Revit 2024 has just been released, and with it a long list of new features. I am excited to see that there is finally a new site and landscape feature among the improvements.
So I am back to dust off the blog and to fill you all in on this new Revit element: Toposolid.
Before I dive into the best features of Toposolid and Revit 24, first let’s answer the big question: What is Toposolid?
Toposolid is the new topographic element in Revit. It replaces the Toposurface/Topography element from previous versions. A few key points about this change:
- Toposolid inherits from the base CeilingAndFloor element, so it will look and act very similar to a Floor. Though it is worth knowing that Toposolid has a number of additional features that are not available to Floors.
- Toposurface/Topography has been deprecated. This means it can no longer be modified in the Revit UI, starting in 24.
In addition to this big change, the Revit development team has also done a big UI change for the entire user interface. If you have read any of the release notes or other blogs, you will have likely seen this and some other big UI changes (like dark mode).
So in addition to new icons, you will see a few things have changed on the Site portion of the Massing & Site Ribbon:
- Toposolid instead of Toposurface
- All Toposurface-related tools have been removed
- Property Line Data is the only setting here (in the down arrow next to Model Site)
Feature 1: Solid Cutting
Far and away one of the best improvements to Revit 2024 is not specific to Toposolid. Rather, it is an overall improvement to Cutting behavior across multiple categories. Instead of being limited to cutting with in-place voids and mass solids, the dev team has enabled cutting between solids of many Categories, including: Toposolid, Ceilings, Floors, Slab Edges, Roofs, Structural Foundations, and Walls. You can also cut with Mass Voids, so Toposolid has the ability to have any variations of tunnels.
This means that you can now cut Toposolids with Floors or other Toposolids. There are a number of great use cases for this, including: water bodies, foam fill, and tapered planting soil (just to name a few).
In addition to cutting via system families, loadable families also now have the ability to cut geometry with solids. I haven’t been able to find any release notes on this feature, but based on my initial testing it seems like all of the system families listed above can also now be cut by solids from loadable families.
Here is a quick example of Toposolid being cut by a Site rootball:
Feature 2: Contour Lines
There are a few key differences between Floors and Toposolids. The two biggest differences are the next two features. This first one is the main feature that makes this a Topo element: Contour Lines.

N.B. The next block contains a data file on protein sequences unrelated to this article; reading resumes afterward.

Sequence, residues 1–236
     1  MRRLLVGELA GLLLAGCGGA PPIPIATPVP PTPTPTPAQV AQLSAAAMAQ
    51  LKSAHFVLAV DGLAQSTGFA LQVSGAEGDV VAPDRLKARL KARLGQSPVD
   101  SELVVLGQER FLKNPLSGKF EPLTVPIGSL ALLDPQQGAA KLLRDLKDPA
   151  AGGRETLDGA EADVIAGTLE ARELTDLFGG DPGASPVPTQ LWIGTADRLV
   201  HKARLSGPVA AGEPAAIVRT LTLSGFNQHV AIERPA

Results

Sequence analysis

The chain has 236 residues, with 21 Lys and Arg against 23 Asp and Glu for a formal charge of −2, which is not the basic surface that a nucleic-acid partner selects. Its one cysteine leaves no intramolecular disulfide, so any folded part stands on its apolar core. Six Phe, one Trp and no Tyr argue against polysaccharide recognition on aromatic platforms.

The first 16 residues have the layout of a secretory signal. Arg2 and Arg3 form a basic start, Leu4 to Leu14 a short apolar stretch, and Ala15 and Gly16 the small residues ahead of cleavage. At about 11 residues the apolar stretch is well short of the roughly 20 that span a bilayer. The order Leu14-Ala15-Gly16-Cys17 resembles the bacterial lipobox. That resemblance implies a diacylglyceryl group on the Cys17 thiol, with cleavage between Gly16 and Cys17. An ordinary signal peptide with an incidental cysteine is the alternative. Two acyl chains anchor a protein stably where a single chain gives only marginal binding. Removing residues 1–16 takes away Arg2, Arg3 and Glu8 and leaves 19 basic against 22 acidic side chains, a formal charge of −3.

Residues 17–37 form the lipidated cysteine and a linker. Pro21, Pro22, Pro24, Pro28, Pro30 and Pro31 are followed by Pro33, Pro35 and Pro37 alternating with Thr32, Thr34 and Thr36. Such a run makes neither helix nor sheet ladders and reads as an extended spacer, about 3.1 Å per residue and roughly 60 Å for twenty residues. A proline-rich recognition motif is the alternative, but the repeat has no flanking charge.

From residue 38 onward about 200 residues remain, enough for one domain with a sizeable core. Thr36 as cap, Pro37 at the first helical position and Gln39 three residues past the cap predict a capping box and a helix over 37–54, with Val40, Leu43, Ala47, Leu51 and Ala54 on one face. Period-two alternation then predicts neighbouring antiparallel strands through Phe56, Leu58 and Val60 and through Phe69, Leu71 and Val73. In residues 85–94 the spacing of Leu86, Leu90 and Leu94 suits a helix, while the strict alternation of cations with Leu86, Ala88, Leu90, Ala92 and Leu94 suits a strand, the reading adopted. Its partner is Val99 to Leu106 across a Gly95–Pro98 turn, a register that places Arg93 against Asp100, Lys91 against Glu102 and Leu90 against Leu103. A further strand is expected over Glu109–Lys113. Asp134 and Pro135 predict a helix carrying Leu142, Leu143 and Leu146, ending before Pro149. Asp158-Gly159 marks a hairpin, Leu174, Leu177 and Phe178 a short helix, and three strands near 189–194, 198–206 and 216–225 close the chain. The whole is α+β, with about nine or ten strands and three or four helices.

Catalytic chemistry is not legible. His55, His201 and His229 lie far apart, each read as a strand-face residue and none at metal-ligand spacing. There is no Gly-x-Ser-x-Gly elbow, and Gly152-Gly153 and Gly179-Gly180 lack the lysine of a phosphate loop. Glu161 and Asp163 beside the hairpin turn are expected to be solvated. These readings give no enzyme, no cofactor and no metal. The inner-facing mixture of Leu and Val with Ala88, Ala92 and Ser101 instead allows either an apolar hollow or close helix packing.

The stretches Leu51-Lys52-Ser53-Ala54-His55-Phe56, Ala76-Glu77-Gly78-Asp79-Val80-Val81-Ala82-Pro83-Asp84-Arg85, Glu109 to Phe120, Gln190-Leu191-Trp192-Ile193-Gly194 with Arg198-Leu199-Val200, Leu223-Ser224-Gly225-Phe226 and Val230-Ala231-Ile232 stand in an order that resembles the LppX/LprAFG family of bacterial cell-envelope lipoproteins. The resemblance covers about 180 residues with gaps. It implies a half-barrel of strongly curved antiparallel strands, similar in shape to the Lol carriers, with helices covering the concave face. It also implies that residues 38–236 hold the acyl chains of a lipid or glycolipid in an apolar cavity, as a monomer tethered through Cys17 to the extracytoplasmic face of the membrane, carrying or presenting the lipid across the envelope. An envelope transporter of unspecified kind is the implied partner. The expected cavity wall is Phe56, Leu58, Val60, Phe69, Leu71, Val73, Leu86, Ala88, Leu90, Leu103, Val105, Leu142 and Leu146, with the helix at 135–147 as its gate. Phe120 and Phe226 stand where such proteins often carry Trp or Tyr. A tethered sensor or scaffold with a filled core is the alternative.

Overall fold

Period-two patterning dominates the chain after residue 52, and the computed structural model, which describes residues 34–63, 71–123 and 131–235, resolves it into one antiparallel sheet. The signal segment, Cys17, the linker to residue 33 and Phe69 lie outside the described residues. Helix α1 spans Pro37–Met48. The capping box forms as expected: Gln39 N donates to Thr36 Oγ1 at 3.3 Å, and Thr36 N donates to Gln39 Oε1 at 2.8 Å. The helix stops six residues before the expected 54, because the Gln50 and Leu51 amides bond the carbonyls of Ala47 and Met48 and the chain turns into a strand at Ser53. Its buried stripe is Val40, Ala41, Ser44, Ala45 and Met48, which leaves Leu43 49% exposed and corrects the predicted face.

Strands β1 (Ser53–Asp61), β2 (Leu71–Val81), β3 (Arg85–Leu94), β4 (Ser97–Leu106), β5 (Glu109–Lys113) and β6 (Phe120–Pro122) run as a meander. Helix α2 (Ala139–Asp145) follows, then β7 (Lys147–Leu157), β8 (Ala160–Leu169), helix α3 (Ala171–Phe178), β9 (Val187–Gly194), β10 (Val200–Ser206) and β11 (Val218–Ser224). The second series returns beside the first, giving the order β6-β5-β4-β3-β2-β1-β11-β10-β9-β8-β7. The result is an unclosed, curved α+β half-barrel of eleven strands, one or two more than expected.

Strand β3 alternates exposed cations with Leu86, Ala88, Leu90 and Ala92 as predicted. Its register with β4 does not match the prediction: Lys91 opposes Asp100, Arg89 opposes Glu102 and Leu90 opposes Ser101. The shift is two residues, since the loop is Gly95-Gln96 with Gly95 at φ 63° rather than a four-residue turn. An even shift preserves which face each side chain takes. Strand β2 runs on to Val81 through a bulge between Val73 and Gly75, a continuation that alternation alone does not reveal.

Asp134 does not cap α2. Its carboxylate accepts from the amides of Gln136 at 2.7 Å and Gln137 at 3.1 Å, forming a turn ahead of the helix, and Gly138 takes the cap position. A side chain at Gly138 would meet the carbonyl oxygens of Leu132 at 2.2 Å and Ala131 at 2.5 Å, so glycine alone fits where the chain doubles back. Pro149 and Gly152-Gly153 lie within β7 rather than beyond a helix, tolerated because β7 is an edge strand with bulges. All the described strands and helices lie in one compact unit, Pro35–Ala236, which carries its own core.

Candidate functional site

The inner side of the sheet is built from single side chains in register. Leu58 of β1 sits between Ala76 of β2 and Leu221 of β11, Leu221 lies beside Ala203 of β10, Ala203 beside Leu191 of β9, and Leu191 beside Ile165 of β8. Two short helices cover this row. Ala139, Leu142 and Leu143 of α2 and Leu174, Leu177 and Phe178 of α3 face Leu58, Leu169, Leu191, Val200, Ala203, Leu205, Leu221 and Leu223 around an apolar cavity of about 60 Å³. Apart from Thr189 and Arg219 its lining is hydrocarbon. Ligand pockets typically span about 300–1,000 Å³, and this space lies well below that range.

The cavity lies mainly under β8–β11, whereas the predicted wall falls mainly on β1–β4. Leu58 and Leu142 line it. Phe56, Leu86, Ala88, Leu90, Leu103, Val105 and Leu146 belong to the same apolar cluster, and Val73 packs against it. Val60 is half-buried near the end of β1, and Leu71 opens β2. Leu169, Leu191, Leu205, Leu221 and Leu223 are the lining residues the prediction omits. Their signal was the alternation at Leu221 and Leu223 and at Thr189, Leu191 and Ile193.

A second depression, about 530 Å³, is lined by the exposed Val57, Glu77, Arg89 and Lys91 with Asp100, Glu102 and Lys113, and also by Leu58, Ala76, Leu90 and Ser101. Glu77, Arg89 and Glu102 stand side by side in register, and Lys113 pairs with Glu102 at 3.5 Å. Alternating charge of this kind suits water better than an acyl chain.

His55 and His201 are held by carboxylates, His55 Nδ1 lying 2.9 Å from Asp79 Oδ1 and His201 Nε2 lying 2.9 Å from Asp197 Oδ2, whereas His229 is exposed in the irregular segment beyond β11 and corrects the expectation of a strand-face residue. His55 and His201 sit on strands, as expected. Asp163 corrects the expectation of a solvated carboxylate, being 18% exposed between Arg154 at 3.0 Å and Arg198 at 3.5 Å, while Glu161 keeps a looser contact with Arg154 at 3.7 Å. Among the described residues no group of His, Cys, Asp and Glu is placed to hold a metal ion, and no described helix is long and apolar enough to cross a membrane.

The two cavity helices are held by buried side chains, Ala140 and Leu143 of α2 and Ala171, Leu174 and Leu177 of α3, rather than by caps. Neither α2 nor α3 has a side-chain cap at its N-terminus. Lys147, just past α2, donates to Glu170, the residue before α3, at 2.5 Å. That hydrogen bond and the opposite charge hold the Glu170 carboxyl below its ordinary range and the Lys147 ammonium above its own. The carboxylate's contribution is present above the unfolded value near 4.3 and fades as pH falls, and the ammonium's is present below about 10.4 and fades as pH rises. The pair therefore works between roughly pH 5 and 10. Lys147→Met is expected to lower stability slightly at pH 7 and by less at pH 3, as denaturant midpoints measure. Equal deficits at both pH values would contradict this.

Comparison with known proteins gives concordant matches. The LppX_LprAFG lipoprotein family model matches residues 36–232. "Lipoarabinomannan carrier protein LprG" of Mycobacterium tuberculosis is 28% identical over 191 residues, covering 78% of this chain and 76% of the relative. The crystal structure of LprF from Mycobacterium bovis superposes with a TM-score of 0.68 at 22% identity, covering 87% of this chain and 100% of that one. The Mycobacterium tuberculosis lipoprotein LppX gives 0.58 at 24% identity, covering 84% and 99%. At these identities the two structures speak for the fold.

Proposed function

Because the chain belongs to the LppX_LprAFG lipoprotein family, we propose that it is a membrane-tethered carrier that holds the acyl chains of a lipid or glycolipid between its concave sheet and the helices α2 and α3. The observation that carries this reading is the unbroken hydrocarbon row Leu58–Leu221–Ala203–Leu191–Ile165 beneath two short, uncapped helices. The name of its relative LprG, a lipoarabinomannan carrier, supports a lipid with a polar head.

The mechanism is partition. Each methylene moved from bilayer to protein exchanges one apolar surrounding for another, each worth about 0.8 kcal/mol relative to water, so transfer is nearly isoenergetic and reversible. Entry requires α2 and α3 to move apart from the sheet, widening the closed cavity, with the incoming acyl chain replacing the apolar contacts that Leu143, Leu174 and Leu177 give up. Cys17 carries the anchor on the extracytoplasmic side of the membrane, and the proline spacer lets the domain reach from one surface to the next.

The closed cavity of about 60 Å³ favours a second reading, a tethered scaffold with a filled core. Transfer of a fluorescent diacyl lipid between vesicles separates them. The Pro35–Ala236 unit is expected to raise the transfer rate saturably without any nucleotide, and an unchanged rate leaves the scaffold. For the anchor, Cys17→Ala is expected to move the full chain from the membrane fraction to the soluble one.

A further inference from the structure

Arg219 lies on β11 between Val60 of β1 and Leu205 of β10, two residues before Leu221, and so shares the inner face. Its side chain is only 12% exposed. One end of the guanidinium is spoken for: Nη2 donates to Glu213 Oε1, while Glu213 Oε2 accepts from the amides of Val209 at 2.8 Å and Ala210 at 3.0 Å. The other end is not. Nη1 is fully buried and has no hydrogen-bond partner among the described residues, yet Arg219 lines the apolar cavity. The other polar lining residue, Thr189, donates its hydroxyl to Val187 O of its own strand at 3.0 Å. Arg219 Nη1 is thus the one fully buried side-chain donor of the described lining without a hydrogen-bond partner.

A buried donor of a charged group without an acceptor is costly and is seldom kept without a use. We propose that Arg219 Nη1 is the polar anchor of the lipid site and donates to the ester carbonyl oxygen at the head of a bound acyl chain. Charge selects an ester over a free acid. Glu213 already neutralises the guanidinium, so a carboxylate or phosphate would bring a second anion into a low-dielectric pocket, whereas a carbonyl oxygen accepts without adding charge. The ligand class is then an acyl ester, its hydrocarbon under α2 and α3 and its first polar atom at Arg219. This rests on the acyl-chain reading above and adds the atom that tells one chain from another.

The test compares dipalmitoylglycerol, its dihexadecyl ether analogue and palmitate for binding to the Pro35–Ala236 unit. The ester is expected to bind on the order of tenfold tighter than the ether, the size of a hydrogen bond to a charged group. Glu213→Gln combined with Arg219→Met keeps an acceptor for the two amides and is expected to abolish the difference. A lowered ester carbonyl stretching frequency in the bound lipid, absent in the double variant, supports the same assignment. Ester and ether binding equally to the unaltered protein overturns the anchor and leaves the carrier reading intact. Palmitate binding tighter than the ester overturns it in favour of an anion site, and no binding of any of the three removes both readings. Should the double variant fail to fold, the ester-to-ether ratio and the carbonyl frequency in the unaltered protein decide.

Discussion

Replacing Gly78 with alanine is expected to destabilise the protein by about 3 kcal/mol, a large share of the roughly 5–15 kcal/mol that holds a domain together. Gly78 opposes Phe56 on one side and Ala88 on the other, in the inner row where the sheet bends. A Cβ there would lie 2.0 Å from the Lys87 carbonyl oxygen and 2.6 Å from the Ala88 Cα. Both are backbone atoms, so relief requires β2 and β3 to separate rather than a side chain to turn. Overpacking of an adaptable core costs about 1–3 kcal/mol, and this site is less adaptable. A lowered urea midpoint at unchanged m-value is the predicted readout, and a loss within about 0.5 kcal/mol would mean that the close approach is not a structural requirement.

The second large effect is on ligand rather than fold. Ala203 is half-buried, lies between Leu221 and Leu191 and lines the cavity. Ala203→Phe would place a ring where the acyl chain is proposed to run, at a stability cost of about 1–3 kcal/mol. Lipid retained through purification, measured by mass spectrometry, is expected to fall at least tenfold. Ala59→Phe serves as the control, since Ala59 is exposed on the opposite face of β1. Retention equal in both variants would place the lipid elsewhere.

And where contour lines were previously a project-wide setting, they are now managed by type. I have somewhat mixed feelings about having users manage this by type. But the increased flexibility of not requiring that all Toposolid types show the same contours is worth the trade-off. Plus there is API access to managing contours, so that will allow for easier management (either with apps or with Dynamo).
Feature 3: Subdivisions
The third feature I almost hesitate to include in this top 3 list, because of fairly obvious limitations. However, it is worth pointing out, because it is one of the other features that makes Toposolid different than Floors. Toposolids have the ability to have Subdivisions, which are essentially a replacement for Subregions. In my opinion they are definitely useful for two main things:
- Quick visualization of paving areas.
- Actual 3D Planting Areas
Subdivision acts as an additional Toposolid that is hosted to the primary Toposolid. The primary benefit of a Subdivision is that it automatically adjusts to “follow” the host Topo. There are two main downsides to the Subdivion element:
- It cannot have a zero or negative Height. (it can however be very small)
- It does not have Type Parameters, but instead is controlled by three Instance Parameters:
- Material, Sub-divide Height, and Inherit Contours
It is also worth noting that Subdivisions can overlap and even have the same geometry cutting capabilities (see feature 1 above). This was one of the biggest downfalls of the old Subregion, so it is a relief to see this is now a non-issue.
I am eager to test out using Subdivisions as planting massing, as I know lack of 3d planting areas is a common complaint among landscape architects using Revit.
Stay tuned in the next couple of weeks, as I am planning some more in-depth posts on these Toposolid changes in 2024 and how we are rolling these big changes into FOREground.
And if you are looking for additional reading on the new features in Revit 2024, check out the Autodesk Official Release Notes. Or if you’re looking for a blog post that covers all the rest of the architectural features, I recommend Dan Stine’s What’s New in Revit 2024 on AECbytes.
One thought on “Top Three (Toposolid) Features in Revit 2024”
Good to see the blog back! Thanks for exploring the new toposurface feature – I’m a bit more excited about it having read this. The fact that the new version of subregions can overlap is enough to make us want to upgrade.